Bhagwan Chowdhry's FAB idea: Give babies $100

Bhagwan Chowdhry

UCLA Anderson Finance professor Bhagwan Chowdhry has a big idea: give all babies $100 at birth, which they could claim when they turned 16 years old. This concept, called Financial Access at Birth (FAB), has two projected outcomes. First, it would give all people, regardless of where they're born, the chance to become "financial citizens". Second, it would allow for the assignment of a global identification number, giving voice and potentially providing social services and other assistance to some of the world's poorest people, who often slip through the cracks.  

PopTech had a chance to sit down with Chowdhry just after he presented at PopTech to find out a little more about the FAB project. 

PopTech: How would your project reach folks who are not literate, are not connected to the world in the ways that we’re used to getting our information?
Bhagwan Chowdhry: We think incentives work. I think the word will get around when people hear that every child will get a hundred dollar deposit. That’s a lot of money in some parts of the world. The fear that some people have of not wanting to connect is overcome by this incentive. That’s what we are hoping will happen.

Do you have a location in mind already for where the pilot will take place?
We do have a location but we haven’t made the announcement yet so I am not at liberty to say.

We have a lot of distrust around banking institutions in general right now, and promoting them as a way to solve for some of these issues seems to conflict with what we are hearing about banks.
I don’t think it is really an issue of who is going to serve it. There are other financial intermediaries who could step in. Some other socially-conscious banks might step in. We haven’t made a decision about who is going to do it. There has to be cooperation with other agencies such as government. For example, these deposits have to be safe. You cannot have fly-by-night banks. These intermediaries have to be called to invent some sort of regulatory agencies like the government and they will have to be part of the solution.

And that’s assuming that governments aren’t corrupt, which is another whole slew of problems that you may be dealing with.
Right. And I think technology is a big help there as well. Because this technology that uses biometric authentication is going to resolve some of those issues.

Could you define biometric technology?
There are many things that go into biometric authentication but the three most promising ones are fingerprints, iris scans and the latest one, voice authentication. We have seen that fingerprints together with iris scans in India are working fine. You get somebody in and they do palm prints of both hands and you get an iris scan at the same time. You also give them a 12-digit number. So that number becomes your identity but to authenticate it, they will test your fingerprints against the database. It’s the same thing with voice authentication. I was surprised to learn that voice is indeed unique.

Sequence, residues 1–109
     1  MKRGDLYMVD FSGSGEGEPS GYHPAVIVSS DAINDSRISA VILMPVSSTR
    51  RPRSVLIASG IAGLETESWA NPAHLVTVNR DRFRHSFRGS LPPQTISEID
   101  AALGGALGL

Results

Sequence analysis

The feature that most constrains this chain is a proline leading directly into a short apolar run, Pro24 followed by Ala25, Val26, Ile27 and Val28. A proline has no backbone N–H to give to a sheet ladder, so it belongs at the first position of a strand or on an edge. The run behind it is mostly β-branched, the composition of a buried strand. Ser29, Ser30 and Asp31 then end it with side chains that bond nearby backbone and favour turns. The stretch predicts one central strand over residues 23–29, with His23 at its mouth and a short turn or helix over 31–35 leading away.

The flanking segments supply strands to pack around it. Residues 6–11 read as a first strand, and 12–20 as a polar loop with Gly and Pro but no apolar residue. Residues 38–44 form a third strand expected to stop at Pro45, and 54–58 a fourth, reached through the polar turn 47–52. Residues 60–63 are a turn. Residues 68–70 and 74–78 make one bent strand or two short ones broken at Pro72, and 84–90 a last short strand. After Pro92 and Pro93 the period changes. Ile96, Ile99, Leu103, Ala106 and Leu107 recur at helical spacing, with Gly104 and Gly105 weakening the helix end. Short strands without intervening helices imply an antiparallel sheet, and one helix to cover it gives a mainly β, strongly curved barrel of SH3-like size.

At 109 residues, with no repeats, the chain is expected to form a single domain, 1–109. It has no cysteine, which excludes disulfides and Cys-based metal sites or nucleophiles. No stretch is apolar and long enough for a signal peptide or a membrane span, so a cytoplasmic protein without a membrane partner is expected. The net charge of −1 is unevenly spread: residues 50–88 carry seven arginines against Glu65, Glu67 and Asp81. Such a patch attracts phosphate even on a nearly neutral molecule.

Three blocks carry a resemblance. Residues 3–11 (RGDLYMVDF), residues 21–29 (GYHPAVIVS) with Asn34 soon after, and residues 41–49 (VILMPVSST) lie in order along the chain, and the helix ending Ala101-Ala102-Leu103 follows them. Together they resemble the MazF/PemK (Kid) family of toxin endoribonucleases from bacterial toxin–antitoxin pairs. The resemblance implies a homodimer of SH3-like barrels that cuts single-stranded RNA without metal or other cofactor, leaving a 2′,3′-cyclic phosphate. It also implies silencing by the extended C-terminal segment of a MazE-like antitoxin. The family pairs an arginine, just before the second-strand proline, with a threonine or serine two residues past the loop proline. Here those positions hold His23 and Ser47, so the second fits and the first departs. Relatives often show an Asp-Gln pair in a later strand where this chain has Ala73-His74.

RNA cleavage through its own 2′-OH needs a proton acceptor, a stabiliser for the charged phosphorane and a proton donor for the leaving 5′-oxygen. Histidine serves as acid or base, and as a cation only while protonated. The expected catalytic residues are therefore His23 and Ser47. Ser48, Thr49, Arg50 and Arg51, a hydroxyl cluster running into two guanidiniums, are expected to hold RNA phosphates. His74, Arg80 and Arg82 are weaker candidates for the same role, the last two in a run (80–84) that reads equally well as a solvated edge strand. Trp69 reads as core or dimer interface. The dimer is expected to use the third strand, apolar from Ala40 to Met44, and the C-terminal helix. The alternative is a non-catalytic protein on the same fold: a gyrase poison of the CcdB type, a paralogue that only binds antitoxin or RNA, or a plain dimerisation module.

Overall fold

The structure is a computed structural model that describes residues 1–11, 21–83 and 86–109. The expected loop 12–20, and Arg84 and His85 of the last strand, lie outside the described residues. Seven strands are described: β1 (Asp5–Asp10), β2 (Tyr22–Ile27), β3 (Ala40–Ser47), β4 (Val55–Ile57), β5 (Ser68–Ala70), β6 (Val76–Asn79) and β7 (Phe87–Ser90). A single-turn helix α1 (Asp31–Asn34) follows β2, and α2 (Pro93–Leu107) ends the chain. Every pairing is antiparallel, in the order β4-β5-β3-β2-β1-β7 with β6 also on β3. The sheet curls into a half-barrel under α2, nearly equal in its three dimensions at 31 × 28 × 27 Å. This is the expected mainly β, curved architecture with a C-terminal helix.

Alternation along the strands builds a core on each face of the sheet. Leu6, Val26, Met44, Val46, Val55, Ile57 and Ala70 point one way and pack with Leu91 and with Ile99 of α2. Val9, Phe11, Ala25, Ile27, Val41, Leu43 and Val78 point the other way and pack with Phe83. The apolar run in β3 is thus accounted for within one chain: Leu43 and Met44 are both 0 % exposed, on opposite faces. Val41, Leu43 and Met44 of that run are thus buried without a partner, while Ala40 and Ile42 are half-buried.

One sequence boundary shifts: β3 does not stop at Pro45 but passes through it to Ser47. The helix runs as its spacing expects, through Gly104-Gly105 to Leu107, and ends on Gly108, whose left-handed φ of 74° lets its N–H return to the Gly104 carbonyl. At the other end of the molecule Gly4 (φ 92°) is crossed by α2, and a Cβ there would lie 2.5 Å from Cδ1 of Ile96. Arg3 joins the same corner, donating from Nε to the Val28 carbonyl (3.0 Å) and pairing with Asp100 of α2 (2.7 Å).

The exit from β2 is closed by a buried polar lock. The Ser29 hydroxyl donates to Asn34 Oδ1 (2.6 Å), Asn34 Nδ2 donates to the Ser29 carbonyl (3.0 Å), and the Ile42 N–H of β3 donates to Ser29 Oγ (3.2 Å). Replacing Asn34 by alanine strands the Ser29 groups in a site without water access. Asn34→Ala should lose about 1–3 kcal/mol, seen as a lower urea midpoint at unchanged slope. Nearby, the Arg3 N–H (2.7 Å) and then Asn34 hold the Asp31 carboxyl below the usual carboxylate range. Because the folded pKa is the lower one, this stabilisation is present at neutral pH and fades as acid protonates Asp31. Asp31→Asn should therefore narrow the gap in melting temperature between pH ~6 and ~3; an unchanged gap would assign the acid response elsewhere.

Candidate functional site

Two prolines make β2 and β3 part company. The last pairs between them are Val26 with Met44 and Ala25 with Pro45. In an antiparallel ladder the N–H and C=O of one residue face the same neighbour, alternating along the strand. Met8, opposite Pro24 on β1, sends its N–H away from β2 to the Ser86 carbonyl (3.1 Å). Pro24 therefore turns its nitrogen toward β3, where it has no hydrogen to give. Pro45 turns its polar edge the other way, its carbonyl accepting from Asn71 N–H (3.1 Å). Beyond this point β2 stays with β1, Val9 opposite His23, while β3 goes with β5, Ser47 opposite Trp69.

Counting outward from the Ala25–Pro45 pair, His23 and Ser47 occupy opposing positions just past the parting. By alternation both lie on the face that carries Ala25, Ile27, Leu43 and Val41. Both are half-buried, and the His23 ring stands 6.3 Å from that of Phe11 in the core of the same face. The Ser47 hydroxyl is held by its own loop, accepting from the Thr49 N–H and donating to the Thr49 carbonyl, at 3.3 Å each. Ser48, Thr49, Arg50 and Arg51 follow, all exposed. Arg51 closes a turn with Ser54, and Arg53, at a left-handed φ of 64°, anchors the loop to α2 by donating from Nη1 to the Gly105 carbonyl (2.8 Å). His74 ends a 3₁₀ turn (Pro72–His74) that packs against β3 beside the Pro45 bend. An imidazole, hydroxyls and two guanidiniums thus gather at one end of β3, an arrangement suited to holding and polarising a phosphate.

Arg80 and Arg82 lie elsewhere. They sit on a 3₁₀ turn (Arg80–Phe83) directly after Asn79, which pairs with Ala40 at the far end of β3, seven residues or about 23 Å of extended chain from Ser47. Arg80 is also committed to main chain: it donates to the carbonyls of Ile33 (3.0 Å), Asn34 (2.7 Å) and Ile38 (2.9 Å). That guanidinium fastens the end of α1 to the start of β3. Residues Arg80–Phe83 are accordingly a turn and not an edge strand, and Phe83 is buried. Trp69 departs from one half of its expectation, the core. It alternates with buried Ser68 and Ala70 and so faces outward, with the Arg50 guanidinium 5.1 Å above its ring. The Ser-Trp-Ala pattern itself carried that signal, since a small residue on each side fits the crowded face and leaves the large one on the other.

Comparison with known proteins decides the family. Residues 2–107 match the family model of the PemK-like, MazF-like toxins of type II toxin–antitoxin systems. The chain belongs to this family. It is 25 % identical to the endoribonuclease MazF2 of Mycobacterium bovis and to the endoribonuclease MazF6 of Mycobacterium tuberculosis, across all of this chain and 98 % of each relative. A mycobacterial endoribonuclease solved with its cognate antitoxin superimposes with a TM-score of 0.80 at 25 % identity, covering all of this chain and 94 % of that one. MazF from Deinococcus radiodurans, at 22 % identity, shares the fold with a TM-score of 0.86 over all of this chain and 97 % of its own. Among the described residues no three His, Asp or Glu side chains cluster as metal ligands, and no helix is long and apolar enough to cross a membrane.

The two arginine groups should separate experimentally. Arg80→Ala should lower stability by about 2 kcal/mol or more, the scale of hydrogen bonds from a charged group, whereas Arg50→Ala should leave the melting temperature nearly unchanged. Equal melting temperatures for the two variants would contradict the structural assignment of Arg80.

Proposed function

A logistical question: how would this work with existing identification measures already in place such as social security numbers from the United States for example.
The social security number in the United States is not one of the more secure identification systems. The first two digits are depending on the area, second set of digits are something else, so basically you are talking about the last four digits. And they always ask you what are the last four digits! Once I say what my last four digits are, I’m done. Anyone can figure out what it is. I think the identification that we are imagining will be more secure. It’s truly a random twelve digit number that’s not so easy to copy.

Have government agencies you’ve spoken with responded well to this concept? Do you have advocates that are helping you further this along?
We have spoken to many agencies who have shown positive response. They’ve given us suggestions. Most of the conversations have not been at the state level agency but multi-national like United Nations, UNICEF, UNDP. We are not far enough to talk specifics.

Our focus right now is to a do a pilot. The pilot is exactly the way to show how these pieces fit together and that’s where our concentration is. And at the same time, learn about what parts are feasible, what are not. It’s a great opportunity to learn.

What would success look like for you with this project?
There’s immediate success and there is long-term success. Immediate success would be proof of concept, having a real model that works. That would be our best way to advocate to other agencies. Long-term would be that people who see this work would start implementing it. Many countries that have thought about something similar have hesitated because they don’t know what is going to work and what is not going to work, like Mexico for example tried this idea of giving the poor identification cards. It didn’t work, the poor people were too afraid to get cards, they didn’t trust the process.

Once you show a concept that’s going to work and bigger countries like Mexico or a big country in Africa trying it, that would be the time for me to retire and someone else to take over.

Image: Kris Krug for PopTech

This interview has been edited and condensed.

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